All work and no pay: Volunteering law

If your organisation or charity benefits from the assistance of volunteers, you’ll know how gratefully received their help can be. Giving up their time and effort to work for you, volunteers can gain experience and personal gratification – but without pay, they are not classed as employees or workers.

Badly worded volunteer agreements can inadvertently turn your volunteer into a worker – which would give them entitlements such as minimum wage, paid holiday, sick pay, and protection from unlawful discrimination or into an employee, with even greater rights including family friendly leave such as maternity. The denial of these rights could then land you in an employment tribunal, or a civil court.

What does your business need to do to avoid unwittingly breaking employment law and regulations?

  1. Do not put in place a contract between the volunteer and the charity which could indicate the volunteer is, in reality, an employee or a worker. A contract doesn’t have to be written down in order to exist – it simply needs ‘consideration’ (exchanging something of material value, e.g. work and salary), and ‘intention’ (that both parties intend to enter into a legally binding contract). Also ensure that there is no ‘mutuality of obligation’ – where the charity is under no obligation to offer work to the volunteer, and importantly, no obligation on the volunteer to accept the work offered.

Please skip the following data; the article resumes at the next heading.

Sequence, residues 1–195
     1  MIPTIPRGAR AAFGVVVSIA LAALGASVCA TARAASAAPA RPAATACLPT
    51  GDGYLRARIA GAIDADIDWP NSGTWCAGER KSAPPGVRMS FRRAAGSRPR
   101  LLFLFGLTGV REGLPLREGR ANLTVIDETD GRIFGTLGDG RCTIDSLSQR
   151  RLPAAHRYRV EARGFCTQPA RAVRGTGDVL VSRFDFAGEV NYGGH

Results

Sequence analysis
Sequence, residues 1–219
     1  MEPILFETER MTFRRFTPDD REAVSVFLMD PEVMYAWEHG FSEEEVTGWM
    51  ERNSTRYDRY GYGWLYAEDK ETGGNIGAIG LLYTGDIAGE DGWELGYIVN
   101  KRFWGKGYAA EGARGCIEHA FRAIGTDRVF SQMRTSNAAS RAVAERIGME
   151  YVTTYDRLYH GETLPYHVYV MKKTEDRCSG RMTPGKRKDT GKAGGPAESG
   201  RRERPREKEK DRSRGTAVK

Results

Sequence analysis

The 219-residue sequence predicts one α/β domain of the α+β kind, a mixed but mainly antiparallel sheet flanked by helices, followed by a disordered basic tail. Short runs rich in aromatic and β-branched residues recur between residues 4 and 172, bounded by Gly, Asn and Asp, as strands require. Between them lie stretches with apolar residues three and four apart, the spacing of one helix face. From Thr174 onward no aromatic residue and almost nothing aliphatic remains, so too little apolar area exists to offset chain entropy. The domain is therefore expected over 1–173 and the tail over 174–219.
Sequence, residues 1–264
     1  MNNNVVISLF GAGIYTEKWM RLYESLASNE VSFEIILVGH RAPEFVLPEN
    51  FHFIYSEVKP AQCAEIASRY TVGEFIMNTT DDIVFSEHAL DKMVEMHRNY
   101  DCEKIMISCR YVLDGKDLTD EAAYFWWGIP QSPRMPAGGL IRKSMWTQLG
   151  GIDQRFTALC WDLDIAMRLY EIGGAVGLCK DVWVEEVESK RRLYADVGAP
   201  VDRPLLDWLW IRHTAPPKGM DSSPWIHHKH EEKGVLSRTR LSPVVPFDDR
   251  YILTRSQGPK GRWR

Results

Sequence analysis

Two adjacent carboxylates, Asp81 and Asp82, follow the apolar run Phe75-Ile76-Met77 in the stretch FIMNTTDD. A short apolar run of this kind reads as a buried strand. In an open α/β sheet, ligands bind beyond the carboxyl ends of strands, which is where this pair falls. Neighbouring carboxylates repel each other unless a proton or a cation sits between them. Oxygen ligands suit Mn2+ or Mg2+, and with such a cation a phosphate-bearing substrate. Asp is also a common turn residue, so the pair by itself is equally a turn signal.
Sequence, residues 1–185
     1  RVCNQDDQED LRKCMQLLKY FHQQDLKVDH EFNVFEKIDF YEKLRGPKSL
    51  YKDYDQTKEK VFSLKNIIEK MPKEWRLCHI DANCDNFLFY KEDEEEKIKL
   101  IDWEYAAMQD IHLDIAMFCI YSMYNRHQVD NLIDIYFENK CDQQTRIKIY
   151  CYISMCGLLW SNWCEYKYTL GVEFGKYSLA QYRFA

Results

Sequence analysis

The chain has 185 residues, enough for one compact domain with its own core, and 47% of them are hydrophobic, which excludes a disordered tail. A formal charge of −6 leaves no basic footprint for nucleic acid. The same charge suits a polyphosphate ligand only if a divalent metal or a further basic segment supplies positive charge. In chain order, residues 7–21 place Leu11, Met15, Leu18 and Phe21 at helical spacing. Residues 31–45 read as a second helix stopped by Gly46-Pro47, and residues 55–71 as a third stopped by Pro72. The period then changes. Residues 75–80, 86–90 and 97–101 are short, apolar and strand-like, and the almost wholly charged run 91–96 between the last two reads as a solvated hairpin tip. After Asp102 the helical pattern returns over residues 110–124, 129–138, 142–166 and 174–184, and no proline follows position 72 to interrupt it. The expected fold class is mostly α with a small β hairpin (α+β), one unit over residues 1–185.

2. However, you can put a volunteer agreement in place – a document which sets out the relationship between both parties and acts as a reference point for the standards which should be met in all dealings – but this is not mandatory. Words are powerful, so watch out – make sure you call it a ‘volunteer agreement’ rather than ‘contract’, use terminology like ‘volunteer role description’ in place of ‘job description’, and say ‘reimbursement’ rather than ‘payment’
  3. Avoid workplace procedures such as holiday booking forms, disciplinary and absence procedures, as these ring true of a paid employee. Keep the basis of your arrangement voluntary and casual
  4. Depending on the nature of your organisation, training can be important for volunteers. You can provide or organise the training, but ensure that it is relevant to the volunteer’s role and is open to all volunteers who might do the same work – otherwise it could be considered a ‘benefit in kind’, or perk of employment
  5. Whilst volunteers are not employed by you, by carrying out activities on your behalf or being present on your property as volunteers makes them a little different to the general public, too. Having the right liability insurance in place can protect both you and your volunteers in the event of any incident which occurs in the line of volunteering

For a free review of your charity’s insurances, contact the Chartered brokers at Hine Insurance on 0161 438 0000.

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